By Renee Williams

Several research studies show that creative arts and athletics are two of the top interests that kids identify with.

Activities such as hiking in nature, learning a subject matter like science or history, helping or serving others, taking on leadership roles, engaging in spirituality and advocating for animal welfare also made the list but arts and sports were top.

Search Institute, founded in 1958 by Merton P. Strommen, Ph.D., pioneered in using social science research to understand the lives, beliefs and values of young people. Strommen introduced a framework of the interests and passions that motivate youth and elements that help give them a sense of purpose, focus and future orientation. These elements are critical dimensions to improve well-being and helps strengthen efforts to increase young successful development.

All in all, the research shows that kids who ultimately thrive in their lives have two important supports:

1. Knowledge of what their interests are

2. Adults who support the development of those interests.

When these two conditions are met, children have:

• Higher grades

• Better school attendance and physical health

• Empathy and social competence

• Concern for the environment

• A desire to help others and a sense of purpose

Three simple steps that can help you find your child’s inner spark:

• First, spend time discreetly looking for clues to their sparks, looking with fresh eyes. As you look, ask yourself: When do they seem the happiest? Are they alone or with a group? When are they most absorbed in an activity?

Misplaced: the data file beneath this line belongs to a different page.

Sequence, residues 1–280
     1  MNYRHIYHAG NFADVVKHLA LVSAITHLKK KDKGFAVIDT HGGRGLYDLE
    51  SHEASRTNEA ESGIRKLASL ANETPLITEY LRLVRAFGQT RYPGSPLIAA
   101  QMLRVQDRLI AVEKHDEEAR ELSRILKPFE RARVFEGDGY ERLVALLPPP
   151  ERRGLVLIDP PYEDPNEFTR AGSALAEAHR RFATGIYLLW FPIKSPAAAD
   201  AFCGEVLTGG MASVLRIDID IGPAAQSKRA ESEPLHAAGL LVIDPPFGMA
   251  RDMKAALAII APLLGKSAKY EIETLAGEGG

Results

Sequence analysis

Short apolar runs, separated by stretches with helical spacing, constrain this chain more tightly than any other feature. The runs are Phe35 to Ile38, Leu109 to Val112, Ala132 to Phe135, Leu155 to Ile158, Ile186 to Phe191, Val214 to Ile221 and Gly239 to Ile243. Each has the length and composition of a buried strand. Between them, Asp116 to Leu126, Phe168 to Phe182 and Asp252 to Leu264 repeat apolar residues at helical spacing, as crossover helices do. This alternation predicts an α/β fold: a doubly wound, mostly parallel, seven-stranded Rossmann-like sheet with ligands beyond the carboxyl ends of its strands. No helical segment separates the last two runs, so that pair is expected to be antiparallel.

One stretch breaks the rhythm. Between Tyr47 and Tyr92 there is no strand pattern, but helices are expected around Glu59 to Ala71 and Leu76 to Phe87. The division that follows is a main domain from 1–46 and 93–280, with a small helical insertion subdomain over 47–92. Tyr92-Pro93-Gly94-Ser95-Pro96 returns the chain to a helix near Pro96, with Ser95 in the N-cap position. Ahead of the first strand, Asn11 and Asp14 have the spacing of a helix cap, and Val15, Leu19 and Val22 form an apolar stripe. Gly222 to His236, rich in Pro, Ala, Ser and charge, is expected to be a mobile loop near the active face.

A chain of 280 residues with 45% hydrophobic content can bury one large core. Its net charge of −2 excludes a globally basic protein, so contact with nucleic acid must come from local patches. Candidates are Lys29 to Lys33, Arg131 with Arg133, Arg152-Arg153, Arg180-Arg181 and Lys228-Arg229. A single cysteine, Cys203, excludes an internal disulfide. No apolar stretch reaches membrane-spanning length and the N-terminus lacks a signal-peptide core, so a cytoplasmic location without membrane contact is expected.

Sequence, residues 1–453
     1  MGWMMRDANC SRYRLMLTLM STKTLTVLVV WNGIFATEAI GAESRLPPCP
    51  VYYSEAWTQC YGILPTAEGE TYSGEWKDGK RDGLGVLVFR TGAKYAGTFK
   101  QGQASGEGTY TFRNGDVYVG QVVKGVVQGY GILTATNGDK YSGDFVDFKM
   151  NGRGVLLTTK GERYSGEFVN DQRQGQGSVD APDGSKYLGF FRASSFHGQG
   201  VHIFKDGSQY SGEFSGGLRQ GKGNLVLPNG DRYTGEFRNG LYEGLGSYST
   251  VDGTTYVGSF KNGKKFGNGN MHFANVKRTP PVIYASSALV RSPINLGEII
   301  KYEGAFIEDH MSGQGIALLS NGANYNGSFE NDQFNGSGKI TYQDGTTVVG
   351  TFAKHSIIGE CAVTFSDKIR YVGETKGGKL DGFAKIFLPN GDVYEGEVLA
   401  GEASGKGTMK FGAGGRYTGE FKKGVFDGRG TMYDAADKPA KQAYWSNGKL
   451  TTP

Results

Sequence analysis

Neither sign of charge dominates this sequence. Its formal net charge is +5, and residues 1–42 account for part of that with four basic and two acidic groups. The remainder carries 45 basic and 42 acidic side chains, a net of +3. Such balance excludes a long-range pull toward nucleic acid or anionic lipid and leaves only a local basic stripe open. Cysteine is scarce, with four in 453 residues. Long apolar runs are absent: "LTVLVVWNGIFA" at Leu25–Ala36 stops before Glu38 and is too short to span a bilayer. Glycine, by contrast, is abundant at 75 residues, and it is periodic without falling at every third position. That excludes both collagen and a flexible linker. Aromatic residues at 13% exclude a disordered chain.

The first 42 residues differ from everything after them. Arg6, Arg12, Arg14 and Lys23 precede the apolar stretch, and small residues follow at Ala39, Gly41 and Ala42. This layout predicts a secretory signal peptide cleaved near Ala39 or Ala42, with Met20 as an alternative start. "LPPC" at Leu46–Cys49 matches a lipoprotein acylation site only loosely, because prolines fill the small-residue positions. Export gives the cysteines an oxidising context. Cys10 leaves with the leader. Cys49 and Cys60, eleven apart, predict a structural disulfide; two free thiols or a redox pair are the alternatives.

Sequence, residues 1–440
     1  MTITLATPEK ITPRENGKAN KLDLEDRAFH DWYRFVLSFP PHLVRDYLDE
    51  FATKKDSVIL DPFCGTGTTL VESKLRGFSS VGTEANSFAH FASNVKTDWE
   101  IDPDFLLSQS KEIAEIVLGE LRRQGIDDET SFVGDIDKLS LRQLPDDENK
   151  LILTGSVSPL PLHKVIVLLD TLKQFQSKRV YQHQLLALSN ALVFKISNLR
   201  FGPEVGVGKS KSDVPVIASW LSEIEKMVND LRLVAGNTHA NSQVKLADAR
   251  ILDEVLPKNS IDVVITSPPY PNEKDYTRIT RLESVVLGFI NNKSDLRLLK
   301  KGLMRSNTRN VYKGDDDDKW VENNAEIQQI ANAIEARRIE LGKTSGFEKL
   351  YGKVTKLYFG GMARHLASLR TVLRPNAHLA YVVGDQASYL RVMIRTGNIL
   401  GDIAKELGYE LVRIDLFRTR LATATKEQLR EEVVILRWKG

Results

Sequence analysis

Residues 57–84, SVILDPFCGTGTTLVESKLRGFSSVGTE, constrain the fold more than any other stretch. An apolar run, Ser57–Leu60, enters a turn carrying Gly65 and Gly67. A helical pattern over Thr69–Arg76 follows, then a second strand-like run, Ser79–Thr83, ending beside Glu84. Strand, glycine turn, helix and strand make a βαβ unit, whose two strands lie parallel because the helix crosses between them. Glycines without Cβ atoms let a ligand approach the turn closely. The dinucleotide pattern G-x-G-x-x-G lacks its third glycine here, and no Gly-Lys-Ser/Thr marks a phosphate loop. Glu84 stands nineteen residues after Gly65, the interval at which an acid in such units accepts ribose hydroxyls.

• After you have observed and begin to notice more about their interests, passions and how they spend their time, you can start a spark conversation. What you’re after is having talks that help them discover their own abilities and possibilities, talks that empower them to try new things and take next steps.

• Finally, find a way to follow through with what you find out. If they love motorcycles, maybe you suggest a visit to the local Harley store. Maybe you call your brother or sister who has been riding for years. Maybe together you check online for community education classes in motorcycle safety.

Whatever it is, the main point is to take another step and once you identify your child’s spark: help ignite your child’s inner strengths by:

Affirming the spark

-Teach or mentor the spark

-Provide opportunities to express it

-Run interference and help eliminate obstacles

-Show up at recitals, games, performances, plays and events.

This article appears in the July 2017 issue of Augusta Family Magazine.
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